This is the third attempt to get similar bills through the Montana Legislature, having come just short in the 2017 legislative session of the simple majority vote in the Montana Senate required to keep the bill alive for House review.

The Big Sky chamber, which represents and supports member businesses, receives half its budget from resort tax.

The following morning, the BSRAD tax board met for an open board meeting at the resort tax office in Town Center, the meeting’s focus centered on the 1 percent increase legislation.

According to the BSRAD website, “On April 13, 1992, the general electorate of the Big Sky area created the Big Sky Resort Area and adopted a 3 percent Resort Tax to be charged on ‘luxury’ goods and services not deemed necessities of life.”

Andrew Schreiner, co-owner of Grizzly Outfitters with Lancey, was in attendance Wednesday and expressed his concerns and want for addressing the issue to become a priority.  

“We have … locals ordering goods on Amazon and having them delivered for free,” Schreiner said. “Or they just go down to Bozeman. I’m not concerned with the tourists, I’m talking about locals purchasing higher-end goods.”

Schreiner also noted an inconsistency in what was taxed.

“A pair of Carhartt pants, a necessity for many, won’t have a tax applied. And then a pair of Mountain Khakis will be taxed,” he said. “It would be nice to have some consistency.”

According to the draft bill, “‘Luxuries’ means any gift item, luxury item, or other item normally sold to the public or to transient visitors or tourists. The term does not include food purchased unprepared or unserved, medicine, medical supplies and services, appliances, hardware supplies and tools, or any necessities of life.”

Ambiguity in the verbiage has been a problem in the past, since it is open to some interpretation and can vary between each resort tax area and community.

Mike Scholz, director of the resort tax board, brought another issue to the table: compliance. According to Scholz, it is often unclear what has and has not been taxed until an audit is performed.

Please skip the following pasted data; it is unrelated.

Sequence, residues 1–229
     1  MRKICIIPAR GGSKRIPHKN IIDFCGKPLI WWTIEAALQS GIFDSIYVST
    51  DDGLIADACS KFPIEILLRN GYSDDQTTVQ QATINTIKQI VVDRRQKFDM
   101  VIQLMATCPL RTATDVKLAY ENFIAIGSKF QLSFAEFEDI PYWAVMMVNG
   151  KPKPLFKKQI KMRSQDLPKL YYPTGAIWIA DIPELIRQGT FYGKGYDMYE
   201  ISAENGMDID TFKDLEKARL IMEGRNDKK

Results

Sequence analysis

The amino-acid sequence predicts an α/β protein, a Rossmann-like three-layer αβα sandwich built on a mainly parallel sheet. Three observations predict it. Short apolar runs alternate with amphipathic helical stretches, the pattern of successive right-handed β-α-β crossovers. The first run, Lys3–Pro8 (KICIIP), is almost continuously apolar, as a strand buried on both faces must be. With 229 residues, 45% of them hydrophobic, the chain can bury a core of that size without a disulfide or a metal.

“We don’t have a list of what you sell,” Scholz said. “We only know what you collect with an audit.”

EBS reached out to Big Sky Resort, the largest collector or resort tax in the district, but the resort declined to comment at this time.

SB 241 will be heard on the Senate floor in the Montana Legislature on Wednesday, Feb. 20 at 8 a.m.

“We’ll be up there,” said Steve Johnson, vice-chair of the BSRAD tax board. “This is the first opportunity to show up and weigh in [on the bill] if you want to.”

The board voted in favor of a motion to approve SB 241 as submitted.

The meeting commenced on a lighter note, touching on BSRAD’s “Community Vision Process.” Kicking off with events slated for the week of Feb. 25, the board’s hope is to incorporate the voices of community members within the decisions of the board.

The objective of the strategy, called “Our Big Sky,” is “… to guide future development and plan for, prioritize and budget capital improvement projects and strategic investments within Big Sky over the next 10 years,” according to a press release from Colorado-based environmental planning firm Logan Simpson, which BSRAD hired to guide the process.

Events will include opportunity for public comment, one-on-one interviews, online questionnaires, advisory committee meetings and photo contests, according to the press release.

On Tuesday, Feb. 26 and Wednesday, Feb. 27, one-on-one interviews will be held at Compass Café and Caliber Coffee, respectively.

Kickoff group events, dubbed “Polaroid’s and Pints,” will occur on Wednesday, Feb. 27 and Thursday, Feb. 28 at the Gallatin Riverhouse Grill and the Beehive Basin Brewery, respectively.